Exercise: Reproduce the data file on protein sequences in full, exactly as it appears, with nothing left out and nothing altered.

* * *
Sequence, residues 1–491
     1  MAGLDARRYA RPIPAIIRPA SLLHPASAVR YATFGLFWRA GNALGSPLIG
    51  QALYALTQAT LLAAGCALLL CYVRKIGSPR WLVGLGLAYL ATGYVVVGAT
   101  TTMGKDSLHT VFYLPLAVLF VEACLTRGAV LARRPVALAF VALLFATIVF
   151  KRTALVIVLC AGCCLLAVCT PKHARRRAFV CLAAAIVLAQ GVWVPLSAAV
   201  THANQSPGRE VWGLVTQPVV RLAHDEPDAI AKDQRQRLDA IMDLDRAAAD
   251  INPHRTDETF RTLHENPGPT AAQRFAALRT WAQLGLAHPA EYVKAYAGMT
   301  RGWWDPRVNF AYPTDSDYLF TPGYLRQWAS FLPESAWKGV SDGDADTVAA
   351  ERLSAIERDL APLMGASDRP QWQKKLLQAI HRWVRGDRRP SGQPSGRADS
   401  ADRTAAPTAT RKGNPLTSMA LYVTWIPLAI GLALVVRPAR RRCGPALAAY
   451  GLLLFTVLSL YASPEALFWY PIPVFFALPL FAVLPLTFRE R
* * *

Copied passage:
Sequence, residues 1–491
     1  MAGLDARRYA RPIPAIIRPA SLLHPASAVR YATFGLFWRA GNALGSPLIG
    51  QALYALTQAT LLAAGCALLL CYVRKIGSPR WLVGLGLAYL ATGYVVVGAT
   101  TTMGKDSLHT VFYLPLAVLF VEACLTRGAV LARRPVALAF VALLFATIVF
   151  KRTALVIVLC AGCCLLAVCT PKHARRRAFV CLAAAIVLAQ GVWVPLSAAV
   201  THANQSPGRE VWGLVTQPVV RLAHDEPDAI AKDQRQRLDA IMDLDRAAAD
   251  INPHRTDETF RTLHENPGPT AAQRFAALRT WAQLGLAHPA EYVKAYAGMT
   301  RGWWDPRVNF AYPTDSDYLF TPGYLRQWAS FLPESAWKGV SDGDADTVAA
   351  ERLSAIERDL APLMGASDRP QWQKKLLQAI HRWVRGDRRP SGQPSGRADS
   401  ADRTAAPTAT RKGNPLTSMA LYVTWIPLAI GLALVVRPAR RRCGPALAAY
   451  GLLLFTVLSL YASPEALFWY PIPVFFALPL FAVLPLTFRE R